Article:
Ice Loss and Gravity Dips
Data from an Earth-observing satellite has provided unexpected evidence that ice loss in Antarctica has had a noticeable effect on Earth’s gravity.
The European Space Agency’s Gravity Field and Steady-State Ocean Circulation Explorer (GOCE) launched in March of 2009 and was intended to orbit the Earth for 20 months. Instead, the spacecraft lasted 55 months, and completed its journey by re-entering Earth’s atmosphere in November 2013.
The mission was designed to map Earth’s gravity field, and provided the most accurate gravity model of our planet to date. Gravity at the Earth’s surface varies slightly due to the planet’s rotation and the position of features like mountains and ocean trenches.
Models produced from GOCE data are used to study numerous aspects of our planet, including ocean circulation and changes in sea level. Using the models, scientists can also gain insights into the interior workings of our planet.
GOCE data is invaluable for Earth scientists who study changes in Earth’s climate; but it is also useful for astrobiologists studying the Earth system as a whole in order to understand how our planet became habitable for life, and how habitability might change in the future. This work forms the basis for understanding how and where habitable worlds could develop beyond our solar system.
ESA’s Gravity field and steady-state Ocean Circulation Explorer (GOCE). Credit: ESA
GOCE was not designed to study how gravity changes over time, but by working with data from the satellite, scientists have shown how the loss of mass from glaciers in West Antarctica has left a noticeable signature in our planet’s gravity field. The measurements from GOCE provide much greater detail than previous measurements from missions like the NASA-German Grace satellite.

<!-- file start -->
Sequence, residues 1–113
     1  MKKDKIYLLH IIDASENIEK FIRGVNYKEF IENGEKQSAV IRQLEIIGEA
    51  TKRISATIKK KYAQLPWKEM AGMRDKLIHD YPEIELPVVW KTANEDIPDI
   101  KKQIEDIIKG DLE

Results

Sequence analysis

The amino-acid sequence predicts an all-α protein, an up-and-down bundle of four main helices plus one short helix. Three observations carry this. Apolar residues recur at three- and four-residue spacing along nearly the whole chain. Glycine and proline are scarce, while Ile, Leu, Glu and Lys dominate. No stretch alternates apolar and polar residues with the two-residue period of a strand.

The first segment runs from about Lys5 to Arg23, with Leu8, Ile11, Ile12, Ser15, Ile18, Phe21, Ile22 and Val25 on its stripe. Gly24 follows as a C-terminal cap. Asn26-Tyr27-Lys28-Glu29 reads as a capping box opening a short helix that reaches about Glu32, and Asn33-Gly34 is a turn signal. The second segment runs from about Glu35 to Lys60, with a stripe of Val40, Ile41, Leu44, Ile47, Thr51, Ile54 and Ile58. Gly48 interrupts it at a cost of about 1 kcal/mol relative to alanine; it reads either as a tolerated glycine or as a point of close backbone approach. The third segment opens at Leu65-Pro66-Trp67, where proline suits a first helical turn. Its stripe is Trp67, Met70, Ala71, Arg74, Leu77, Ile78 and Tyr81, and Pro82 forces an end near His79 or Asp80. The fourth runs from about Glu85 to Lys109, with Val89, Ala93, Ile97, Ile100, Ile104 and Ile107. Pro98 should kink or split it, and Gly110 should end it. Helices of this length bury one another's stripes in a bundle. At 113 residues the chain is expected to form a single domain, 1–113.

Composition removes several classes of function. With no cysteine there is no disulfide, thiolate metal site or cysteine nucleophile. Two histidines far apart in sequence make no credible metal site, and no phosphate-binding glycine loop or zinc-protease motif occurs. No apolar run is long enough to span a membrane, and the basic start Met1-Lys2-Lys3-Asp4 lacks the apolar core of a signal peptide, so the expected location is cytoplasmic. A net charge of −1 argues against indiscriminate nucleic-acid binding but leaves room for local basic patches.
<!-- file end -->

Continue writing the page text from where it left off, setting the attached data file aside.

GOCE data could also be used to validate measurements from other missions, including ESA’s Cryosat satellite, which has been measuring ice loss in Antarctica.
“We are now working in an interdisciplinary team to extend the analysis of GOCE’s data to all of Antarctica,” said Johannes Bouman, of the German Geodetic Research Institute, in a press release from ESA. “This will help us gain further comparison with results from CryoSat for an even more reliable picture of actual changes in ice mass.”
GOCE may have ended its mission in 2013, but scientists will study the data returned by the satellite for years to come to provide a greater understanding of the Earth system and environmental changes that our planet may face in the future.
The animation, based on measurements from ESA’s GOCE satellite and the NASA–German Grace mission, shows that ice lost from West Antarctica has caused a dip in Earth’s gravity. Credit: ESA/DGFI/Planetary visions